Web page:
To Our Valued Patients

We would like you to know that during these uncertain times we are still here to help. We have dedicated team members who will be checking our voicemails, emails and returning any calls made to the office for any emergency and non-emergency questions.

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Your child’s first dental visit

I had the pleasure of speaking to many new moms at the Baby and Tot Show a few weeks ago.  Through my conversations with them, it was evident there was conflicting information on when they should bring their child in for their first dental visit.  So when is the best age to bring your child to the dentist?

The best age to bring your child in for their first dental visit is within 6 months of the eruption of the first tooth or by one year of age. The goal is to have your child visit the dentist before there is a problem with his or her teeth. In most cases, a dental exam every six months will let the dentist catch small problems early.

It is a good idea to acclimate your infant to dental care by wiping his or her gums with a clean, wet cloth after feeding. By the age of two, all of an infant’s teeth are usually visible. See the tooth arrival chart below.

When your child is about 2 years of age and can better understand a visit to the dentist, start generating excitement at home.  One of our prime objectives is to make your child a good dental patient who will be able to accept routine dental treatment. This process must begin at home. Listed are some suggestions to guide you.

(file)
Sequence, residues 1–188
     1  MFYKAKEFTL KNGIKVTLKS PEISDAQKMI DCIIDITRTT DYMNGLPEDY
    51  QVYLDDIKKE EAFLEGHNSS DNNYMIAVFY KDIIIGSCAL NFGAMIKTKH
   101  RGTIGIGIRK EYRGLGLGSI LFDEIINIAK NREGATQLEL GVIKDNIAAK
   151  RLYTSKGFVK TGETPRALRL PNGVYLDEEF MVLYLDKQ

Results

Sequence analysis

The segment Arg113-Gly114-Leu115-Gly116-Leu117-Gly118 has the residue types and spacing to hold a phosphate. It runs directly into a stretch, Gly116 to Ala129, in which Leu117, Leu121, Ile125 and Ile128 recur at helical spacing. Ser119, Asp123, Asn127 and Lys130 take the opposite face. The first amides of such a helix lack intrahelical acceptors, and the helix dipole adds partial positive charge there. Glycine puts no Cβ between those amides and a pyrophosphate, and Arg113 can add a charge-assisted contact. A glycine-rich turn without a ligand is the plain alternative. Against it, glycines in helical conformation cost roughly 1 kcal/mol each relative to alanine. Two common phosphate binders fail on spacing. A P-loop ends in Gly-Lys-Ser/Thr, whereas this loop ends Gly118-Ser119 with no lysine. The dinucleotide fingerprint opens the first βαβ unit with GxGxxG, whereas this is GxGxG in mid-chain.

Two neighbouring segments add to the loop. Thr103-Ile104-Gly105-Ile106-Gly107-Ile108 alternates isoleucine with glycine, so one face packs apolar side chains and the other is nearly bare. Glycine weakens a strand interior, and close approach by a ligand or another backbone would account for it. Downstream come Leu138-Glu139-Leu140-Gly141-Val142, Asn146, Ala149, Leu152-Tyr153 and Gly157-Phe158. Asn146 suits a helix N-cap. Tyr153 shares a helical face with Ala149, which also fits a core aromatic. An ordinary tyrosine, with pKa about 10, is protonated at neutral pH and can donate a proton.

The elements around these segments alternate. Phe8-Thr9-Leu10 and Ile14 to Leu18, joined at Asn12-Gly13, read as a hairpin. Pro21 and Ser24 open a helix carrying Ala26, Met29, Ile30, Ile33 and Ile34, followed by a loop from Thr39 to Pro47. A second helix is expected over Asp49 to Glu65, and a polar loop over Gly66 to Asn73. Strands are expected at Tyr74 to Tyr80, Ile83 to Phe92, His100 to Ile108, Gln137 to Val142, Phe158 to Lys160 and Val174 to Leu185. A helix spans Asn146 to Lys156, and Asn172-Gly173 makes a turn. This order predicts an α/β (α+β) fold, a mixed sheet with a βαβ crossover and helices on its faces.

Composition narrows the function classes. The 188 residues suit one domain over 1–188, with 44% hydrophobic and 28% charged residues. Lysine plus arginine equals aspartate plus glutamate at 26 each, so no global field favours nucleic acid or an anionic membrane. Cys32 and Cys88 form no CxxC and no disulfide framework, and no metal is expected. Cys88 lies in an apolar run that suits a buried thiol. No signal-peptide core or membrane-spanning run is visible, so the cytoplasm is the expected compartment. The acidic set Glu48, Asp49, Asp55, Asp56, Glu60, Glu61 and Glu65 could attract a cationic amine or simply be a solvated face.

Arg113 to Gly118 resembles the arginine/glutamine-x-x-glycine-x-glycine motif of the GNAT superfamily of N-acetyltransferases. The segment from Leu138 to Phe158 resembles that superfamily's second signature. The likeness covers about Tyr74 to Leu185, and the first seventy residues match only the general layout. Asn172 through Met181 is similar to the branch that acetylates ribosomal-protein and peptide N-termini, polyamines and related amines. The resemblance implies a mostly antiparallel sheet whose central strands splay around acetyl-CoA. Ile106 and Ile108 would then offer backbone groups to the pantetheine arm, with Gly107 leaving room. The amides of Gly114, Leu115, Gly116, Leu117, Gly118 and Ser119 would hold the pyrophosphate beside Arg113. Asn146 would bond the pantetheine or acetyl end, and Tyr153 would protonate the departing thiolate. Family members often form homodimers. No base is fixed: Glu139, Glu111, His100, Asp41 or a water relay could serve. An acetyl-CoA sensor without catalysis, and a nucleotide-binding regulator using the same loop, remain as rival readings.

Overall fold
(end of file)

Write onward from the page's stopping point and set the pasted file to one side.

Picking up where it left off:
Pointers for Parents

The Don’ts

  1. DON’T bribe your child to go to the dentist or threaten a visit as punishment. This could result in lifelong negative attitudes.
  2. DON’T let your child be aware of any anxiety you may feel about his or her dental visit or your own visits.
  3. DON’T let others tell your child frightening stories about dental visits. Explain to the child that they should ignore scary stories of other children and adults and depend on you and the dentist for information.

The Do’s

  1. DO make dental visits a fun adventure for your child.
  2. DO be prepared to let your child go into the treatment room alone.
  3. DO remember that your POSITIVE ATTITUDE AND EXAMPLE in all dental health matters will be the most important factor in how your child will respond to this experience.

Our office is committed to a policy of prevention. Through early visits and treatments, we can prevent dental decay and infections. Orthodontic problems can also be diagnosed and early intervention and treatment can be provided.

Your child, with your cooperation, can become an excellent dental patient with a healthy mouth and beautiful smile.

New Patients: (587) 317‑7959
Existing Patients: (587) 353‑5060
Email: [email protected]

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